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Easily portable digital TV recording for multiple homes?
October 6, 2010 2:13 PM   Subscribe

Asking for a Friend: My father still uses VHS tapes. I need to get him on tech from this millennium.

(From Friend's viewpoint):

His sole reason for still using VHS is portability. He maintains three residences; our townhouse, his wife's house, and her family's lake house. With tapes, he can set up a VCR in any location to record, then take the tape with him and play it back in any of the aforementioned locations, because VCRs are ubiquitous across the three houses and something taped on one VHS VCR will work on every other VHS VCR on the planet. He's told me that if I can find a way for him to have that same level of easy portability, he'd switch over to full digital in a heartbeat (he's well aware that his current method won't work much longer, given that the machines and media are wearing out and aren't manufactured anymore).

I figure I can sell him on the idea of replacing the VCRs with DVD players that have USB ports and internal media decoders; such devices only run about $50 each, which he'd probably be OK with (that's cheaper than VCRs were when he bought them). Bonus, he has a small-but-growing collection of DVDs but doesn't have nearly as many DVD players as he does VCRs, so he can't presently watch DVDs nearly as conveniently as tapes. The playback platform isn't an issue; the recording platform, however, is.

What I need is a way to record cable TV - NTSC at minimum, but bonus points for non-encrypted ATSC digital cable - onto digital medium. Not particularly concerned with what the medium is, so long as its removable read/write media - USB stick would be preferable, but just about every storage tech currently manufactured can be converted to USB trivially. Should also have a simple-to-use 10-foot interface for at least set-and-forget timer-based recording. Features such as TiVo-style schedule-based recording and removable media file-management would be excellent, but not required. Being able to fiddle with things like codec type, container format, bitrate and whatnot would be nice but not essential (he's using analog 8-hour VHS cassettes that are older than the neighbor's kids, on machines that I remember from my childhood; *anything* digital would provide both denser storage and higher playback quality).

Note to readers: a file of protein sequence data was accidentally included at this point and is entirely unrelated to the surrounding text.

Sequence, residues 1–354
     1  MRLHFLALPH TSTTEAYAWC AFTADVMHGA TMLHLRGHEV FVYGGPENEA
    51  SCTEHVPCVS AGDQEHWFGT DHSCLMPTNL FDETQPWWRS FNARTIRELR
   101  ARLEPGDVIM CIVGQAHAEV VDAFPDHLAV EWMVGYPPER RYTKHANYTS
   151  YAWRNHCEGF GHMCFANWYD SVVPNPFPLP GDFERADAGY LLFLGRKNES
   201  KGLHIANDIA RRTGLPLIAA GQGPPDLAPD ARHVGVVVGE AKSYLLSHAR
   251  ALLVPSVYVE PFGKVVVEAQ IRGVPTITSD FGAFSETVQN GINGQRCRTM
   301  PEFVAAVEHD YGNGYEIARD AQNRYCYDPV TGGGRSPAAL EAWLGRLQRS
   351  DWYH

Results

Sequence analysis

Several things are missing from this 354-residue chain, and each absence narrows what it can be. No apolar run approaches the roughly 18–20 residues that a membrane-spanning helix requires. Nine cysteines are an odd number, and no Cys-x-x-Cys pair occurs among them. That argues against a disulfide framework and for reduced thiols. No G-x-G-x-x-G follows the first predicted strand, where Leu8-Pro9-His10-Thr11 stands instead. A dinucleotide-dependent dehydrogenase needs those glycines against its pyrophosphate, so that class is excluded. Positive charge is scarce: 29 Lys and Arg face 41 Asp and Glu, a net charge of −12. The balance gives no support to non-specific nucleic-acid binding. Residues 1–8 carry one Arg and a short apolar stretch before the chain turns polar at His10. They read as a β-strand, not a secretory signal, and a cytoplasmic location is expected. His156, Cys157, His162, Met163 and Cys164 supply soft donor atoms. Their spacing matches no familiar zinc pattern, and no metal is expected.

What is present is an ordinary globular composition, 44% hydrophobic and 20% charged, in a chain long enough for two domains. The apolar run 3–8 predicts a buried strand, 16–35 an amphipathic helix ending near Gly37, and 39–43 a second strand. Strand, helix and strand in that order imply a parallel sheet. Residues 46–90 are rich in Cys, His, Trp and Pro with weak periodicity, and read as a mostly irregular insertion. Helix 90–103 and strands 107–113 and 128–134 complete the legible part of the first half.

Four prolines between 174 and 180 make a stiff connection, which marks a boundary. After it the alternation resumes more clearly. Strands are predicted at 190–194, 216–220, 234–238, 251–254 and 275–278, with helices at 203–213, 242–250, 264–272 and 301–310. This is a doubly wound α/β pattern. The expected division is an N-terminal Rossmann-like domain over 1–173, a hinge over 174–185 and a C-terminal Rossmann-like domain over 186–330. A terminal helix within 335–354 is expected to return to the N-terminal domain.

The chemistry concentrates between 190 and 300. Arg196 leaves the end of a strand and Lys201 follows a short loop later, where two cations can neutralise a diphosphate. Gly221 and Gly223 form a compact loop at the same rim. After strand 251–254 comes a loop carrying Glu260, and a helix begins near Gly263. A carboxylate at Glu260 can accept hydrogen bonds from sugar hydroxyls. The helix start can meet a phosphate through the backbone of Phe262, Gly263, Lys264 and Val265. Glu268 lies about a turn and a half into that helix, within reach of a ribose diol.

Ideally I'd like a set-top box or something running an integrated OS; this all *can* be done with a computer running any of the Big Three OSes, but I would really rather not go that route - it's overkill for his needs and too many things can go wrong with a computer. A purpose-built set-top unit would be much preferable.

Basically, I need something exactly like a VCR, only recording a standard media file format to removable read/write storage. Any ideas?
posted by GJSchaller to Technology (12 answers total) 5 users marked this as a favorite
 
There are a lot of component (DVD player style) DVD recorders. Pretty much all of them are built for most of your needs here.
posted by rhizome at 2:22 PM on October 6, 2010


My dad has one of these DVD recorders. In addition to recording on-air stuff, he's been using it to make DVD copies of his ancient VHS collection. He occasionally sends me discs he's burned from it and they have played fine on a variety of DVD players.
posted by jamaro at 2:30 PM on October 6, 2010


Response from friend:

Thanks for the replies so far. From what I'm reading on the provided links and the resulting additional googling, a typical "DVD recorder" will record any input directly to DVD - some have built-in NTSC/ATSC tuners as an 'input', some don't - providing two hours of recording/playback time regardless of source. Assuming two-hour discs versus eight-hour tapes (as there's no such thing as a DL-DVD-RW disc), that means either swapping media four times as frequently or having four times as many recorders to equal the recording/playback time of a single VCR. Neither option is really feasible in this situation.

What would be ideal is a device that has an internal tuner and an internal media encoder. With an internal tuner it could select channels on its own without having to reply on an external cable box (which is an absolute necessity in this scenario), and an on-board encoder would in theory convert whatever's coming in on that tuner into one of the standard compressed media formats (Divx, MP4, AVI, whatever). That would dramatically increase the amount of information a single disc can store. For example, assume a one-hour TV show (as in 60 minutes; for simplicity's sake I'm not thinking about commercial skipping at this stage) - you can record 2 episodes direct-to-DVD, or 8-12 episodes in compressed format depending on codec and bitrate.